In the wake of the presidential election, tens of thousands of women around the country have pledged to run for office. This surge has the potential to achieve victories not only for equality, but for the environment too.
That’s the message conveyed by a new report from Rachel’s Network, When Women Lead.
Using 2006-2015 data from the League of Conservation Voters (LCV) Environmental Scorecard, Rachel’s Network found that women federal legislators vote for environmental protections more often than their male counterparts in both the House and Senate.
These are women like Representative Linda Sánchez (D- CA), who in 2015 proposed a bipartisan bill to promote energy efficiency, and Senator Susan Collins (R-ME) who has a long record of supporting renewable energy, conservation, and STEM education programs.
Women’s average environmental score in the House of Representatives over the 10-year period studied was 69 (of 100) compared to men’s 45. In the Senate, women scored an average of 71 to men’s 48.
“These numbers bolster the data Rachel’s Network has previously reported going back to 1983. Time and again the implications are clear: if you care about the environment, you must elect more women to office,” said Rachel’s Network Board Chair Kef Kasdin.
Climate change, pollution, food and energy insecurity, chemical safety, and biodiversity loss have become urgent global concerns that threaten lives and livelihoods in the US. With women representing only 20 percent of Congress, our ability to address these problems is severely hampered.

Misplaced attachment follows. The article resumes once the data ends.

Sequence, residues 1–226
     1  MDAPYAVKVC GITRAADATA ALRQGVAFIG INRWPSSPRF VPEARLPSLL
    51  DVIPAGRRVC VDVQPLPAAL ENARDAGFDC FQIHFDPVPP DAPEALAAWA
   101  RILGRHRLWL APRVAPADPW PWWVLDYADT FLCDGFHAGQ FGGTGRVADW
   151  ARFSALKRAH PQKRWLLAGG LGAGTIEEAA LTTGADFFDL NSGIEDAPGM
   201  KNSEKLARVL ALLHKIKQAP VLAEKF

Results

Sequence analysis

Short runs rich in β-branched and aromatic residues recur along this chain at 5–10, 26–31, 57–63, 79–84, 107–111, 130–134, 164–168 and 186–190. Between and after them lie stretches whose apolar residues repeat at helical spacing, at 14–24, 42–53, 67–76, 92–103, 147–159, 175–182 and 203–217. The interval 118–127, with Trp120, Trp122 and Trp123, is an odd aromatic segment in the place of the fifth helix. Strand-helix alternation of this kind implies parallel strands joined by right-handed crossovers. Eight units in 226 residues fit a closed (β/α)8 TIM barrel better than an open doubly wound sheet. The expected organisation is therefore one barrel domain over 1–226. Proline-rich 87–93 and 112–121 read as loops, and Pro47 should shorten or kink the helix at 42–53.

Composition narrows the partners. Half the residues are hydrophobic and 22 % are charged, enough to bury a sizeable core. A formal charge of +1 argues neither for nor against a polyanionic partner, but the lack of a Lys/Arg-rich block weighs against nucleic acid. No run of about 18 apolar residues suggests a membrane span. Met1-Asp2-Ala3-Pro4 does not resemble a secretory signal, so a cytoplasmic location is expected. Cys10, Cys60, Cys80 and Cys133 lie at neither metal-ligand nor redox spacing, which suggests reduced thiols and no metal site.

“From Washington to communities all across the country, female leaders are working to build a better future for our children and grandchildren in the face of climate change. Putting more women in charge will mean more votes for clean air, safe drinking water and a healthier tomorrow,” said Rhea Suh, president of the Natural Resources Defense Council Action Fund.
“We need women in the sciences, in the arts, in political office and in leadership positions to ensure the protection of America’s greatest treasures, the wildlife and special landscapes that define its natural heritage, for future generations,” added Jamie Rappaport Clark, president and CEO of Defenders of Wildlife.
On the heels of the report’s release, Rachel’s Network and the League of Conservation Voters are thrilled to partner with EMILY’s List and others to host a women candidates training on April 30 in Washington, DC following the People’s Climate March. Hundreds of women environmental leaders are expected to attend to learn how to run for office in their communities.
“We know that the climate movement is full of women leaders at every level, and as more women take on positions of leadership we look forward to strong outcomes for climate justice!” said May Boeve, executive director of 350.org, an organizer of the March.